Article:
Palembang in South Sumatra has an ancient history. From 500 till around 1400 it was the capital of the Srivijaya kingdom. This kingdom controlled the coastal and maritime region, till 1100 when the Javanese Singhasari and Majapahit Kingdoms became stronger. The Srivijaya Kingdom was finally conquered by Majapahit around 1400.
Trading contacts with China resulted into Chinese settlements in the Palembang region during that period. Srivijaya was a center for exports from South East Asia till the 18th century. Nowadays we can see still some remnants of this 1400 year old culture in the two museums of Palembang.
The Italian discoverer Marco Polo also wrote about Srivijaya when he visited the region in 1292. First there were Hindu and Buddhist religious influences, from the 13th century Islam became the dominant religion.
In the seventeenth century the Vereenigde Oost Indische Compagnie (VOC) (Dutch East Indian Company) took over the pepper monopoly and excluded the operators of Chinese junks, who had been the most important buyers of Sumatra pepper. The Dutch fort in Palembang, originating from the 18th century, is still in use by the Indonesian army.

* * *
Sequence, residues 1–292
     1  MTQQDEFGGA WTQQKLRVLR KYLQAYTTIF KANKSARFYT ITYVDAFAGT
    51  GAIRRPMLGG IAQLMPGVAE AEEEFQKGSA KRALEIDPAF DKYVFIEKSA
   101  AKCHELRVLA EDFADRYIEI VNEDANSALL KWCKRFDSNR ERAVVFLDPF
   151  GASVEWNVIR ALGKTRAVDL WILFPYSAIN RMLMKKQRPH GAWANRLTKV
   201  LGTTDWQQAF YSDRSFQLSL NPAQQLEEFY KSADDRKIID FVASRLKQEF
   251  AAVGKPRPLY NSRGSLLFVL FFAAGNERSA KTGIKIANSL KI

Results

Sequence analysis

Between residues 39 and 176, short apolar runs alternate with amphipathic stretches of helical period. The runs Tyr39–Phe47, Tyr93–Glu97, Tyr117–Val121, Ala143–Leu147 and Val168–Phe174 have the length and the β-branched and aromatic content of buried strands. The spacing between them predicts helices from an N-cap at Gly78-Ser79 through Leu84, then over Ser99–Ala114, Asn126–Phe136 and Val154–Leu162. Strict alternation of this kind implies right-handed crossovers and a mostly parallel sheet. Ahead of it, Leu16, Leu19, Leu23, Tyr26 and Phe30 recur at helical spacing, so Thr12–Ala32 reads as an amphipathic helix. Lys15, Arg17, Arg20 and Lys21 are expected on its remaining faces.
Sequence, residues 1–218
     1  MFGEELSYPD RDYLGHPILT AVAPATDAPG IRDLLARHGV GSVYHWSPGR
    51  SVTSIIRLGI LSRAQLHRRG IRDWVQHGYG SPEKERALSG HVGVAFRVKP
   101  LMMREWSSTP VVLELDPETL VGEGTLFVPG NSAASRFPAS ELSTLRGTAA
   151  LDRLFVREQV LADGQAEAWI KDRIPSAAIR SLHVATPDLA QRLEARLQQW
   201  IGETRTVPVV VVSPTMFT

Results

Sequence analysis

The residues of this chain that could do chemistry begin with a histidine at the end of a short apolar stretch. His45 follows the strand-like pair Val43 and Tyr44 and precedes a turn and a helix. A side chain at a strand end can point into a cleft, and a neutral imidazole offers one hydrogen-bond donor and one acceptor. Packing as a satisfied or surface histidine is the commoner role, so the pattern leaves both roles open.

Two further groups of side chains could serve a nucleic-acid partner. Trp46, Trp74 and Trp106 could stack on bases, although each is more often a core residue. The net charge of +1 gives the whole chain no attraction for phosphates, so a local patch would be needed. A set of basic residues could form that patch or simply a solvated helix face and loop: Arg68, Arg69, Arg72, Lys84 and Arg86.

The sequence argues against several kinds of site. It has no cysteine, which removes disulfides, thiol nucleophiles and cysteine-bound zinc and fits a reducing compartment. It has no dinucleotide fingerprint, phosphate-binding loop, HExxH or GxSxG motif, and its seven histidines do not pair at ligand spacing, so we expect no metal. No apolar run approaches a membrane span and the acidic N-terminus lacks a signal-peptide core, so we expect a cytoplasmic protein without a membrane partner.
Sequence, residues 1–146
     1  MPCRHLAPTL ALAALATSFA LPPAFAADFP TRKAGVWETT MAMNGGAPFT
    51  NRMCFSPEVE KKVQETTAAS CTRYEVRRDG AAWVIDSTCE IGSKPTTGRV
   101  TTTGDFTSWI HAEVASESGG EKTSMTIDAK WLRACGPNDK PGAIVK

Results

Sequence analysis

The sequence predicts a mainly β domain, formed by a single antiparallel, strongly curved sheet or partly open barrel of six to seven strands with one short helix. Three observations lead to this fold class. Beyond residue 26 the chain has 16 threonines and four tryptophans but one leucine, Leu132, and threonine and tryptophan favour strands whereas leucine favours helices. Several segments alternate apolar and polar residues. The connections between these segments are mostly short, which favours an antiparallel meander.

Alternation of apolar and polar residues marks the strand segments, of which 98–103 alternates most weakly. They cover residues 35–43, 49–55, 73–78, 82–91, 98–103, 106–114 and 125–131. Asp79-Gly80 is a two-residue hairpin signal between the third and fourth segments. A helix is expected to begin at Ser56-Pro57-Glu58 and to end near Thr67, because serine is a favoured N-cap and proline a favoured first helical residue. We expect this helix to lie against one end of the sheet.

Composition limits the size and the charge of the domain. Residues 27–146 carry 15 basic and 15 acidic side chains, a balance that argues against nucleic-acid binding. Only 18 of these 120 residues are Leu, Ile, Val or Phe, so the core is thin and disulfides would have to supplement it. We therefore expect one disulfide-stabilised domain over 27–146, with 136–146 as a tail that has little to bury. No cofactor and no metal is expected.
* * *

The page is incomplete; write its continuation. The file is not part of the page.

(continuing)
Besides the old Dutch fort and museum is one of the main attractions of Palembang a boat trip on the impressive wide Musi river.
In the 1910s oil was found in the region which resulted in important oilfields of the Dutch Bataafsche Petroleum Maatschappij (BPM) (Batavia Petrol Company) daughter company of Royal Dutch Shell. The BPM did build oil refineries at Pladju (Pladjoe) near to Palembang. Therefore when in February 1942 the Japanese invaded Sumatra there was a fierce battle for these crucial strategic high quality crude oilfields. In the 1950s the Shell oilfields in Pladju were taken over by the Indonesian state oil company Pertamina.
A completely different kind of South Sumatra experience you can enjoy in the Way Kambas elephant resort where you can ride elephants. Way Kambas Resort, about a 6 hour drive from Palembang.